We Believe in Empowering Women

When women work, economies grow. According to various sources¹ women empowerment is key to sustainable economic development.

Women’s empowerment is a central key to reduce poverty and promote development around the world. Economic empowerment includes having control over income and family resources, ownership of assets, opportunity for employment and access to markets and representation in economic decision-making roles. With economic empowerment, women can gain financial independence, enter the workforce, and have equal opportunity to gain positions of economic power².

The empowerment and autonomy of women and the improvement of their political, social, economic and health status is a highly important end in itself. In addition, it is essential for the achievement of sustainable development. In all parts of the world, women are facing threats to their lives, health and well-being as a result of being overburdened with work and of their lack of power and influence. In most regions of the world, women receive less formal education than men, and at the same time, women's own knowledge, abilities and coping mechanisms often go unrecognised³

In the past decades, the health and education levels of women and girls in developing countries have improved a great deal - in many cases they are catching up to men and boys. But no such progress has been seen in economic opportunity: women continue to consistently trail men in formal labor force participation, access to credit, entrepreneurship rates, income levels, and inheritance and ownership rights. This is neither fair nor smart economics: Under-investing in women limits development, slows down poverty reduction and economic growth⁴.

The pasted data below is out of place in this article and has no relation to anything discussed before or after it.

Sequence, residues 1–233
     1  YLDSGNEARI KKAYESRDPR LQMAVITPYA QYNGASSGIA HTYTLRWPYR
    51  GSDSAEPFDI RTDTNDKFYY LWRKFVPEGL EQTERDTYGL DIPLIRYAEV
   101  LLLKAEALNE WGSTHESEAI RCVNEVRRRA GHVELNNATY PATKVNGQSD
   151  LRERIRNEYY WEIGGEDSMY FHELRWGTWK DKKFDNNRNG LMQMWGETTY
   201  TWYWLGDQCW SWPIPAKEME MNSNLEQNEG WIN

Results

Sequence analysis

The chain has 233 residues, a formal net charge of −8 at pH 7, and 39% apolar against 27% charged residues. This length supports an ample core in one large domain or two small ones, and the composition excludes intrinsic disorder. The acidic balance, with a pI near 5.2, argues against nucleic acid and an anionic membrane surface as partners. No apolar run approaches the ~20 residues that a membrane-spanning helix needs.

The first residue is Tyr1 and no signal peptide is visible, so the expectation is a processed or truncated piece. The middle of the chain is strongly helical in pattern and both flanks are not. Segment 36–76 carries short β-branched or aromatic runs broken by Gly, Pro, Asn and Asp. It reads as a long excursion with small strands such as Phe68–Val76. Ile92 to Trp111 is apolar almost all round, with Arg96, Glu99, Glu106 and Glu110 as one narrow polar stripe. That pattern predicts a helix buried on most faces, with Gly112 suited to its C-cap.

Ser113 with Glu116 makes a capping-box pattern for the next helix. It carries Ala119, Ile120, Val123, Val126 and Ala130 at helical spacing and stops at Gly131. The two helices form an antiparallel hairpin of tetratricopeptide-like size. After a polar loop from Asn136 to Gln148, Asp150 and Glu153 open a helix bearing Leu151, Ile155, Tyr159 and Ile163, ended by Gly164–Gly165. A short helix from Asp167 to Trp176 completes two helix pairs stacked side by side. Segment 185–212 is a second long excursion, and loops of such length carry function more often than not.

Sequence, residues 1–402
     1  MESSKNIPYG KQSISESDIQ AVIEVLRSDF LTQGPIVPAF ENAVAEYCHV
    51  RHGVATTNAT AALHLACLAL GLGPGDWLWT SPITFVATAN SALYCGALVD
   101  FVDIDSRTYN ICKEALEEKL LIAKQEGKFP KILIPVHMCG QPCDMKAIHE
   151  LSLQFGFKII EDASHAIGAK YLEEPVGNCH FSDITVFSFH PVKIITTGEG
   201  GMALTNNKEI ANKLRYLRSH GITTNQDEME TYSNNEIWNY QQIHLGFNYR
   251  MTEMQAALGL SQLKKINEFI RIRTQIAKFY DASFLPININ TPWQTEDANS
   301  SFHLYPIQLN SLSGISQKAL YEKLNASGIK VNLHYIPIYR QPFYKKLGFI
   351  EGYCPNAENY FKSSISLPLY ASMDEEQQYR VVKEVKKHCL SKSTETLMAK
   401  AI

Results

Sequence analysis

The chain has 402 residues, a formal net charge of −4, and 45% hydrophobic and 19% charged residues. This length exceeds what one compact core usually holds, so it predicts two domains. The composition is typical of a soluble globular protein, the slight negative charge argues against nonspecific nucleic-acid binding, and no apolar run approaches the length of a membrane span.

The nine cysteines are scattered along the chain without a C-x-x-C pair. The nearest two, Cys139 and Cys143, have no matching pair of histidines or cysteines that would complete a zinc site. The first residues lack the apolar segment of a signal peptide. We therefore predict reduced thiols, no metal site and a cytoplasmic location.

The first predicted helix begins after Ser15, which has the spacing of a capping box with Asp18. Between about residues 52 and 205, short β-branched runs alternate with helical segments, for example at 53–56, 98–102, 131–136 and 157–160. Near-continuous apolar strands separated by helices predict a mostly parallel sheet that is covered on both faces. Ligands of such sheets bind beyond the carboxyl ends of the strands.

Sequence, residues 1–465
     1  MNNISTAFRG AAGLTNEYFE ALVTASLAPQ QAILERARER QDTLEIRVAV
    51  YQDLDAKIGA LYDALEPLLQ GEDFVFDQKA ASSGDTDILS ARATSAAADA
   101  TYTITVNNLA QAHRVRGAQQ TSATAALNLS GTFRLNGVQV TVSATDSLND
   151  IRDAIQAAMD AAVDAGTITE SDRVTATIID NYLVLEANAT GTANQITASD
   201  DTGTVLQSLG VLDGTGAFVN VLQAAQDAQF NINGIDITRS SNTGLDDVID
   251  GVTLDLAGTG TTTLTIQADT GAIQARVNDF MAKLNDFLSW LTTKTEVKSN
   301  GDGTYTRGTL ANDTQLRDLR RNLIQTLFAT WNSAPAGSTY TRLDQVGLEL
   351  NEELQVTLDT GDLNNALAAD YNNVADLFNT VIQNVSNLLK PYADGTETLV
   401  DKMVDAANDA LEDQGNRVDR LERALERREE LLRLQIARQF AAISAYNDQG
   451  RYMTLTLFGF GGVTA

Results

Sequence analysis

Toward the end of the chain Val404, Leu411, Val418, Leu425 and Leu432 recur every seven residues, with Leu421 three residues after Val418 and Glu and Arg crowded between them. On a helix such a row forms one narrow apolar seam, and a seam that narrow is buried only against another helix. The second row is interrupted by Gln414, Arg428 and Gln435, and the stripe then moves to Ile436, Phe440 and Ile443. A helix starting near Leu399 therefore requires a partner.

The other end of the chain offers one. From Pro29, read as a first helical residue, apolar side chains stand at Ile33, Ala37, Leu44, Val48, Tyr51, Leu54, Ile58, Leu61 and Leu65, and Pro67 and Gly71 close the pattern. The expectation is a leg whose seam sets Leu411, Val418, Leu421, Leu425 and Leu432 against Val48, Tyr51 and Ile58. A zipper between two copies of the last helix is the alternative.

Benefits of Empowering Women

  • Women’s economic empowerment is central to realising women’s rights and gender equality.

  • Empowering women in the economy and closing gender gaps in the world of work are key to achieving the 2030 Agenda for Sustainable Development⁵

  • When more women work, economies grow.

  • Increasing women’s and girls’ educational attainment contributes to women’s economic empowerment and more inclusive economic growth.

  • Women’s economic equality is good for business⁶.

Women make up 50 percent of the entire world population but sadly also represent 50 percent of the world’s extreme poor. We are currently not harnessing the full potential of women and how they can contribute to the economy and society of a country.

When 6° talks about women empowerment it includes economic, social and cultural, legal, political and psychological factors. By empowering women to gain financial independence through vocational skills training and support in finding gainful employment and/or start small businesses their families and communities prosper and grow. Learning allows women to acquire new skills, knowledge and the self-confidence to participate fully in society and contribute to the sustainable economic development of their country. By offering vocational skills training opportunities in occupations traditionally practiced by men we aim to help break down cultural and societal barriers as well.


Sources: ¹UNFPA, World Bank, ResearchGate and the Borgen Project; ²The Borgen Project; ³UNFPA; ⁴World Bank; ⁵UN; ⁶UN Women


“There is no tool for development more effective than the empowerment of women.”